Cape Town’s certainly has a large coffee shop culture. Everywhere I looked, it seemed like there was a chic café full of people. Because the coffee on the ship is mediocre at best, I took advantage of the high quality coffee in Cape Town. I think I drank more cappuccinos in these five days than I had in my entire life before. The currency in South Africa is the Rand, and the exchange rate is $1=13.67 Rand. I could get a cappuccino at a cheap place for 10 Rand ($0.73) or at a nice café for 28 Rand ($2). I never buy these in the US since they’re usually $4 and up, and that is too pricey for my frugal purpose.
Table Mountain is the geographical feature that is so famous in Cape Town. The wide, almost flat-topped mountain, towers over the city center. When in the city, there is rarely a moment when you cannot see Table Mountain. Just like in Denver how they use the Rocky Mountains to always know the direction of West, people from Cape Town use the position of Table Mountain, which lies to the south, for their navigation.
While I will write separate posts about museums and sites like District 6, hiking Table Mountain, and a trip to Cape Point, one cannot talk about Cape Town without talking about Nelson Mandela and Robben Island. South Africa’s revolutionary was held in prison for 27 years, including 18 years on Robben Island, a small island just off the coast of Cape Town. He was arrested in 1962, charged with inciting workers’ strikes and leaving the country illegally, he was not released until 1990. Incredibly, he became the President of South Africa in 1994. I’ll talk more about Mandela and Robben Island in a future post.
Sites around Cape Town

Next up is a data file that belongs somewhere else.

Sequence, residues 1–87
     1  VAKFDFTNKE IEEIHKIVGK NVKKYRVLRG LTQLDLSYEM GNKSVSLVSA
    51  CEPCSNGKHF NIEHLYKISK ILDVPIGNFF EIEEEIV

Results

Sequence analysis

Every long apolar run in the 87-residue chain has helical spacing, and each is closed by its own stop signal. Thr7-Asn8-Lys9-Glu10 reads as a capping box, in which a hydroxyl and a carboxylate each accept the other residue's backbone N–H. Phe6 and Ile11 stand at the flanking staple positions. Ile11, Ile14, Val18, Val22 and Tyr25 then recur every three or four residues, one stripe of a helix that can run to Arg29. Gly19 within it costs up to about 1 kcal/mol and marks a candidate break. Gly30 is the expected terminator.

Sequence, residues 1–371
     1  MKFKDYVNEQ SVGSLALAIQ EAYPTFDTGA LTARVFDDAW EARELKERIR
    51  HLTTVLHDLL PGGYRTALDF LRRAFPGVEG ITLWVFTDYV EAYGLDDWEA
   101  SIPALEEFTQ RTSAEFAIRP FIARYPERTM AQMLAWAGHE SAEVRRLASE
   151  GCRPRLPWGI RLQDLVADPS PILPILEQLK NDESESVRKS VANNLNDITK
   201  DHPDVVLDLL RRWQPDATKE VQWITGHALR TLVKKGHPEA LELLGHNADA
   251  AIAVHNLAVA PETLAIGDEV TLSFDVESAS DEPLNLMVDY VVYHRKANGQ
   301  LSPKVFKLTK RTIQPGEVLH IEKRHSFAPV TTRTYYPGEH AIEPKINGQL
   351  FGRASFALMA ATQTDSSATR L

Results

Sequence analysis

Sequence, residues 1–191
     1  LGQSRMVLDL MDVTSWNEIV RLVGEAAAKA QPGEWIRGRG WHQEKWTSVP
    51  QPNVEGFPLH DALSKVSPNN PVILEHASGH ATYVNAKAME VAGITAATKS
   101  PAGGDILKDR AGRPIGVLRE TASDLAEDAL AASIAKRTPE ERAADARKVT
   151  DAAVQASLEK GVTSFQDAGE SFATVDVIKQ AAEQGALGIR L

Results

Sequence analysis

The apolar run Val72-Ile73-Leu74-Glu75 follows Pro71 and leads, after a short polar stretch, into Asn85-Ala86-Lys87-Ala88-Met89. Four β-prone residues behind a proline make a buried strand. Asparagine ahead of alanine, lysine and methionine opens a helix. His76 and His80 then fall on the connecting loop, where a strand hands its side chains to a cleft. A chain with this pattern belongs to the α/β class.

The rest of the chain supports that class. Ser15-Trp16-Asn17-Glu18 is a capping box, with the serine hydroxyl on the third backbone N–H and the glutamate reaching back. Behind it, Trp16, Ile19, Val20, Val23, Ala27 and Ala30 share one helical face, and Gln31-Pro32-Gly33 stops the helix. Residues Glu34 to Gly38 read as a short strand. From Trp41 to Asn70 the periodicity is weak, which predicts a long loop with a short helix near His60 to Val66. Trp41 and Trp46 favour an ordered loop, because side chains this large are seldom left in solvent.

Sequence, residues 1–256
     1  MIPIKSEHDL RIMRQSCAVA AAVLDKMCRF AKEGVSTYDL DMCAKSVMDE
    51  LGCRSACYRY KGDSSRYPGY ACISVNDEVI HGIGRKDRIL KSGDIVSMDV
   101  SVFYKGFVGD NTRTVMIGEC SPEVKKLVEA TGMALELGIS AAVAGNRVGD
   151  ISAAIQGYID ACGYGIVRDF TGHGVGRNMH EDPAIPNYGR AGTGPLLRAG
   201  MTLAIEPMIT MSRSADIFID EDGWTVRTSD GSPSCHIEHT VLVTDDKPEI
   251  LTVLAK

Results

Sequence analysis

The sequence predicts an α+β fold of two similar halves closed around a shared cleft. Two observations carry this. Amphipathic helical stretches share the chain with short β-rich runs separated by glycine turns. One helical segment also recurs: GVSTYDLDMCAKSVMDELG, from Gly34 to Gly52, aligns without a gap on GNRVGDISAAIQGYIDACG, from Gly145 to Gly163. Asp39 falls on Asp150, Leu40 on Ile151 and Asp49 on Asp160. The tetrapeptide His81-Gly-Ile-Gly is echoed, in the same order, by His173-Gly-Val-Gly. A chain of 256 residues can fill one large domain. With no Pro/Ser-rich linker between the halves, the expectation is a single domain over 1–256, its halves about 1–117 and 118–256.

The Dutch were the first Europeans to colonize what is now Cape Town. They originally used it as a “refreshment stop” for ships going from Europe to India. Eventually, they settled here and created the city of Cape Town. The Company’s Gardens were the original gardens the Dutch used to grow food for those passing through. It is still used as a garden for produce but also botanical gardens.
This Muslim neighborhood, also known as Cape Malay, is famous for the colorful homes that climb up the hill along the city center. This unique area is inhabited by mostly Muslims, many of whose ancestors were brought to South Africa as slaves long ago. Several active mosques are in the area, and corner stores sell samosas with atcha sauce.
Whereas in the United States, we have our Legislative branch, our Executive branch, and Judicial branch all in the same city, South Africa has each of these branches in their own cities. Pretoria is the home of the Executive branch, Bloemfontein is the home of the Judicial branch, and Cape Town is the home of the Legislative branch, or Parliament.
Greenmarket Square is the main market square. Whereas it used to be the home of a local market for many years, it is now solely vendors selling textiles and nick-knacks.
Our ship was docked very close to the Victoria & Albert Waterfront, also known as the V&A Waterfront. This is a redeveloped port area with high end restaurants, a shopping mall, and a nice pedestrian walkway.
More posts to come highlighting other places around Cape Town!